Monday, August 31, 2009

Contemplations of a Young Wife, First Part

My, but I have a difficult time accepting my husband’s help and advice! I was sitting on the sofa a moment ago, stressing about school, how to attack this particular blog post and the fact that the wireless is down. I punched the refresh button to test my luck, eyebrows drawn savagely to a point above my nose. I attacked the button, again and again. Once more, with feeling! After about the tenth time, Chris laughingly informed me that repeating the action was clearly not making the internet work any faster. He reached over and rubbed my knee, saying, “Babe, don’t let it get to you. It is what it is.”

I promptly unplugged my laptop and moved to the bedroom, stewing.

My point in telling you this is not to elicit sympathy; au contraire. I’m poking fun at myself. I stress over uncontrollable things, as if I had the ability to alter them by raising or lowering my angst level. And when Chris steps in to comfort me, BAM! The doors to my civility bang shut, and I become a woman I certainly don’t want to be. I’m pretty sure Solomon had the right idea when he compared a quarrelsome wife to a “continual dripping on a rainy day” (Proverbs 27:15). Frustrating and unrelenting and quite indefatigable.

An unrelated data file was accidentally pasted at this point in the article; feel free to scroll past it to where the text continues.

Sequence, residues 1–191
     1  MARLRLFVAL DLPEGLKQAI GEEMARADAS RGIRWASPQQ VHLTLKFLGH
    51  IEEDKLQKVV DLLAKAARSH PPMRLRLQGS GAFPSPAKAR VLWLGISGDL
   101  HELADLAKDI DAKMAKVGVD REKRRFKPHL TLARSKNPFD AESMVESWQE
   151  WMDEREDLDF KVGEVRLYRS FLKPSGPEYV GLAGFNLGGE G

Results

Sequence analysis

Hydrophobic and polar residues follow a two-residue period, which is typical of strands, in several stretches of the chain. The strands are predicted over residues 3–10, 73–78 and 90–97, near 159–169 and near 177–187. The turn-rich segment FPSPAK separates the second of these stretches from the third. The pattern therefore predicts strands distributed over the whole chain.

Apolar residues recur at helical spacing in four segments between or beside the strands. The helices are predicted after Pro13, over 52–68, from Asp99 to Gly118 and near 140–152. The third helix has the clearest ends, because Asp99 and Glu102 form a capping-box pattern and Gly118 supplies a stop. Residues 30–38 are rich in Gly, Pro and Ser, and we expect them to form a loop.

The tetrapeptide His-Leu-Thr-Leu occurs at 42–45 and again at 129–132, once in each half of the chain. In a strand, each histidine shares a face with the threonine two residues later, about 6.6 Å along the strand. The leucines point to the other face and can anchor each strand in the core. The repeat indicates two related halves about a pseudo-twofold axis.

Something I have to consistently and consciously focus on is reveling in the fact that being married means I'm not alone anymore! Chris is there for me, if I’ll let him be. I’ve come to see that quality men will bend over backward for the woman they love. Wow!

No man can reach a comforting hand through stone doors, though!

Let’s argue this out.

(1) I must remember that if Chris tries to serve me, he wants to serve me. I do him a disservice by shutting him down in an effort not to importune him. As good friend Chase Russell noted to me yesterday, we often bless others by letting others bless us.

(2) I like, and need, my alone time. However, I don’t actually want to be alone in the complete, desolate sense of the word. My husband is a gift, like all gifts, easily taken for granted. It is the dearest honor I know that he both loves and takes care of me (like a Warder for an Aes Sedai…um, excuse me, reader… Robert Jordan fans, holler!).

I intend to never justify nursing my hurt and pushing Chris away by saying, “That’s just what women do. We’re fickle.”
This is what a woman—“an excellent wife”—does:
“She does [her husband] good, and not harm, all the days of her life” (Proverbs 31:10-12).

It’ll take some work if I know myself at all, but I long to glorify God and respect my husband. I don’t have it in me, but God is the one who equips. Wives, let’s commit our marriages to Him!


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